An applause that seemed much too boisterous to be emanating from the forty or so souls crammed into the classroom followed these concluding remarks. Ladies were whistling through their teeth and fingers. Each time the roar seemed on the verge of dissipating, a new round would begin. I had no idea how some of the very feeble looking septa- and octogenarians in the room kept clapping. They were like those wind-up cymbal-clashing monkeys—every time they slowed down, some unseen hand wound them up again. I began to look for keys in their backs. The brethren were so entranced that they did not notice me stepping up to the microphone designated for the post-lecture question-and-answer period.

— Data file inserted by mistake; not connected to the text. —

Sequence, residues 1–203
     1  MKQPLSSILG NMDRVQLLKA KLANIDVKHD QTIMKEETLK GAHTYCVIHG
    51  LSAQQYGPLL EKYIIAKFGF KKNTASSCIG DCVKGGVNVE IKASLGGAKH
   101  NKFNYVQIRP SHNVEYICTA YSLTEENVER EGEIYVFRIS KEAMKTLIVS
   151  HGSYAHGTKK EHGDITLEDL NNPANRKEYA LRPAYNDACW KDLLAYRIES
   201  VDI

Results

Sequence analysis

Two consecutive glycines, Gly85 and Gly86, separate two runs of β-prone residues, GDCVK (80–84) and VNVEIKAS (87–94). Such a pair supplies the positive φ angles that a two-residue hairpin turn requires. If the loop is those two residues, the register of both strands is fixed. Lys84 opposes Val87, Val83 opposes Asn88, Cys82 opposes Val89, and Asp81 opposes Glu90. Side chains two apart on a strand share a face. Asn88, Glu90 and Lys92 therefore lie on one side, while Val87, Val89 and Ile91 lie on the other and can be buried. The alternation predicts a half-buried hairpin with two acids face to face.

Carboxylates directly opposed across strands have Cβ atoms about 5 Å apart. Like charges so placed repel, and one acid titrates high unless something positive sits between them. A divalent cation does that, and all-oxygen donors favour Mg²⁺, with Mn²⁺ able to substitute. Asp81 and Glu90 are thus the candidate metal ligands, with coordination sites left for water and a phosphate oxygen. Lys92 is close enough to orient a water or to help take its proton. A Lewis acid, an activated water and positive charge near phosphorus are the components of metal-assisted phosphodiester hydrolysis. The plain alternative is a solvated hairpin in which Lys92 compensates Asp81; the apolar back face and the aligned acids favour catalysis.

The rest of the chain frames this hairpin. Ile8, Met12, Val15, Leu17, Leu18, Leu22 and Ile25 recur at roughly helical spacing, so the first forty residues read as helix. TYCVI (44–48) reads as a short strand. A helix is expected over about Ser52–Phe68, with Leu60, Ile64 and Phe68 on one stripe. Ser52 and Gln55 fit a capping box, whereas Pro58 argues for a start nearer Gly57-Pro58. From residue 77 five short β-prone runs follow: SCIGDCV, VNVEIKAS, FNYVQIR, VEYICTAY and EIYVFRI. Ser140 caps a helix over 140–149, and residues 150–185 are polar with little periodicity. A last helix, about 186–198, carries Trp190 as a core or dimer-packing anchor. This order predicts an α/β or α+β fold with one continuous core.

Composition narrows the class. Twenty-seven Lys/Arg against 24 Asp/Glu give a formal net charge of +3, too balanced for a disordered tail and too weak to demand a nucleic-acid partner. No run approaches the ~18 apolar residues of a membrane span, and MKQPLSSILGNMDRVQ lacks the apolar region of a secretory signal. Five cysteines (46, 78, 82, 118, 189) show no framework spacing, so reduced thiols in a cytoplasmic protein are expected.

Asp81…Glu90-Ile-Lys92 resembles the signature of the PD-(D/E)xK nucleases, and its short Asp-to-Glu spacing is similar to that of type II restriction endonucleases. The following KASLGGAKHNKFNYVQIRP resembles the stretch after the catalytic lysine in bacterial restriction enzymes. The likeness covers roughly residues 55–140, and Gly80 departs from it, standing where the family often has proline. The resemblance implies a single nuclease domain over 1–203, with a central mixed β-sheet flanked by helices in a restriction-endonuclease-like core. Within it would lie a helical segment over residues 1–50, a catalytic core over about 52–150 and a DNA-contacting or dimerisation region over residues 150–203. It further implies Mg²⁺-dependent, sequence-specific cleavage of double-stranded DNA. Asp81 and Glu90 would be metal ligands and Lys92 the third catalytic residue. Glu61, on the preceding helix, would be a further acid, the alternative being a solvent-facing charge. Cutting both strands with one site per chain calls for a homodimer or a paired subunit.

“Excuse me,” I said. More applause, more whistling, more stomping feet. So I spat the words out like a school teacher who has returned from a restroom visit to find her classroom baptized in chaos: “EXCUSE ME!” The applause abruptly choked, except for Skeeter McDoogan, whose clapping sort of sputtered out like a dieseling engine. Then I calmly added, “Excuse me, but I do have some questions.”

“Well let’s hear them, then,” replied Brother Snipes, smugly.

“First, I keep hearing Mack Baldato and Strudel Harrison being chastised for wearing sweaters. What’s wrong with wearing sweaters? Maybe they just like wearing them. I don’t see how that’s a sign of apostasy.”

“The problem is,” said Brother Snipes, “they wear sweaters when they preach.”

“So?” I asked, in a way which signified that I didn’t understand his line of thought.

“So, sweaters are made of wool, right?”

“They can be, yes,” I replied.

“Well, wool comes from sheep, does it not?”

“The last time I checked it did,” I said.